Archive for December 2008

Enjoying Avatar

Published on December 26, 2008

I am really enjoying the animated series Avatar: The Last Airbender. This cartoon, which was launched in 2005 and wrapped up earlier this year (for a total of 3 seasons), is outstanding. It appeals to all ages, and is a joy to watch. Here’s a brief premise, as taken from Wikipedia:

Avatar: The Last Airbender takes place in a fantasy world that is home to humans, fantastic animals, and spirits. Human civilization is divided into four nations: the Water Tribes, the Earth Kingdom, the Air Nomads, and the Fire Nation. Each nation has its own natural element, on which it bases its society. Within each nation exists an order called “Benders” who have the ability to manipulate the eponymous element of their nation. The show’s creators assigned each Bending art its own style of martial arts, causing it to inherit the advantages and weaknesses of the martial arts it was assigned. The Bending types are Waterbending, Earthbending, Firebending, and Airbending.

The Avatar is the one person who is able to bend all four elements. He (or she) serves to ensure that the nations all live together in peace. One hundred years before the starting point of the series, Aang, a young airbender, learns that he is the next incarnation of the Avatar (each generation yields one Avatar to preside over the nations). He disappears out of fear of his looming responsibility. With the Avatar gone, the Fire Nation attacks the others, and essentially takes complete control.

As the series begins, two water nation siblings, Sokka and Katara, happen to find the Avatar frozen in a block of ice. They remove him from the ice, along with his giant flying bison Appa, quickly become friends, and set out to help the Avatar master the four elements, so that he may restore balance and order to the world.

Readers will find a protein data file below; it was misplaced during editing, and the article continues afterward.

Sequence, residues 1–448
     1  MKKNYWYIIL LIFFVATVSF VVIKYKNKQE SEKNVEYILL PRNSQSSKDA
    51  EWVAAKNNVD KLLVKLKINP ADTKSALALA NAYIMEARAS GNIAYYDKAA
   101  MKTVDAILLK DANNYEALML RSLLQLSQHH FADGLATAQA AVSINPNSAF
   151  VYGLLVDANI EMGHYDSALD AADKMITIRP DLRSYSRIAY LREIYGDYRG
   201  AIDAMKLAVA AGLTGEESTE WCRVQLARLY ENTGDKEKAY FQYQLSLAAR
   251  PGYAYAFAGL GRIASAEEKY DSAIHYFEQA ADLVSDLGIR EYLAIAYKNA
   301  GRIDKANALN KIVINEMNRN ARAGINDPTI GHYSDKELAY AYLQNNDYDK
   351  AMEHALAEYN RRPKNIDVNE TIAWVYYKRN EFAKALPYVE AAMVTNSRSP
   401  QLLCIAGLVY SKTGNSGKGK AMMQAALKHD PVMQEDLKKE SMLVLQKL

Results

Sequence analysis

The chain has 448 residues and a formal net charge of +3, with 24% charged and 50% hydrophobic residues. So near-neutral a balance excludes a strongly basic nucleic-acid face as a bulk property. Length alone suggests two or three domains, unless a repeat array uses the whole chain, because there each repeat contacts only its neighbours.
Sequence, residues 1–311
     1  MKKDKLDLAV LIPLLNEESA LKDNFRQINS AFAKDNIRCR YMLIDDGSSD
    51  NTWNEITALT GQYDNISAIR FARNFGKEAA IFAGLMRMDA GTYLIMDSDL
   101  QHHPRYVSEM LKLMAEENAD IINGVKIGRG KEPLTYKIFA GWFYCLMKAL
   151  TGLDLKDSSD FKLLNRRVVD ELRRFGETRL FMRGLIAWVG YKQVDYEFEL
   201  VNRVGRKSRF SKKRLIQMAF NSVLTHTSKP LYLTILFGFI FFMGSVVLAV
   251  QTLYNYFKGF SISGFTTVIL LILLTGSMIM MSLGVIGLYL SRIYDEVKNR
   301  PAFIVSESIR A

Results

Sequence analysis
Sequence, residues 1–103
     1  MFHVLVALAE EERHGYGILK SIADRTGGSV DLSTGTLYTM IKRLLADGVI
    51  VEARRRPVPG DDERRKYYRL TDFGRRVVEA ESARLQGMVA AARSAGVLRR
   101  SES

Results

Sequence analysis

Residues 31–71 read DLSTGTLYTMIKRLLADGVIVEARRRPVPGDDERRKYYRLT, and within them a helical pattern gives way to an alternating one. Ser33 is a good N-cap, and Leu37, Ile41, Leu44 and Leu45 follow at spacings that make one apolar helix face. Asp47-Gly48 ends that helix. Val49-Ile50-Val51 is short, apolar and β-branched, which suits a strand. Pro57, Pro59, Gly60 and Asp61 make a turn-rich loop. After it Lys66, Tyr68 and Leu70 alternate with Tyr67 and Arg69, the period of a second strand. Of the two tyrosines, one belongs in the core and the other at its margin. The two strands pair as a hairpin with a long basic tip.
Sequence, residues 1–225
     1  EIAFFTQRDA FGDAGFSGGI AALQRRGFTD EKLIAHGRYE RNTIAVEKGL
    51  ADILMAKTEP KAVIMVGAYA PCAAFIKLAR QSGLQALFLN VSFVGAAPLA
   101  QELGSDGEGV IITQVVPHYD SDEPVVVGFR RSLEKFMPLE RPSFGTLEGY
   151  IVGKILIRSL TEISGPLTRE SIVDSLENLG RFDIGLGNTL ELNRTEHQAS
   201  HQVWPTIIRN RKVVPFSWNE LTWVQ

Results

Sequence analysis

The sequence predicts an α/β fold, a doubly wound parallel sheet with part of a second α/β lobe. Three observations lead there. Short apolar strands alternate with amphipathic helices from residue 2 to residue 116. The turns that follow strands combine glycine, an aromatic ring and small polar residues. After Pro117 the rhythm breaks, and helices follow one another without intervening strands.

I’m currently half-way through the second season, and I’m greatly anticipating the rest. The overall story-arc is wonderful, and each episode also has a great side story. Action scenes are incredible, the animation is fantastic, and the dialogue is very funny. I highly recommend this series to anyone even remotely interested in animated series’ (or good television for that matter). I’m really looking forward to finishing out this season and the next!

Breadcrumbs Disabled

Published on December 23, 2008

I have had to turn off the breadcrumbs feature here at this site, due to an unfortunate bug causing my contact form to stop working. My contact form is not a part of WordPress (it’s a standalone package), and I’m sure that the root cause lies in that fact. I’ll work on fixing this issue after the holidays.

Many thanks to Ingo for pointing out this problem.

LOST Season 1

Published on December 19, 2008

Well, four years later I’m finally catching up on LOST (hat tip to Dustin). So far I’m enjoying the show: I gave the first season a 4-star rating (“I Really Like It”) at Netflix. There’s obviously a lot left for me to catch up on, but so far, so good. Mystery abounds, the characters are interesting, and the plot twists and turns all over the place. Hopefully things will start making a little more sense in season 2. Here’s a brief rundown of my current opinions of the main characters:

Read the rest of this entry »

Netflix Encoding

Published on December 18, 2008

I ran across a thoroughly engaging article at the Netflix blog that discusses the various encoding techniques they use for delivering “Watch Instantly” content. It sheds light on a number of the issues they face, and some of the decisions they are making. Silverlight is apparently their future player platform of choice, and the article discusses a little bit about why they chose this path. The technical details are appreciated, and it’s cool to see them being open like this. Maybe they’ll share similar information about other aspects of their business in the future.

DHTML Arkanoid

Published on December 16, 2008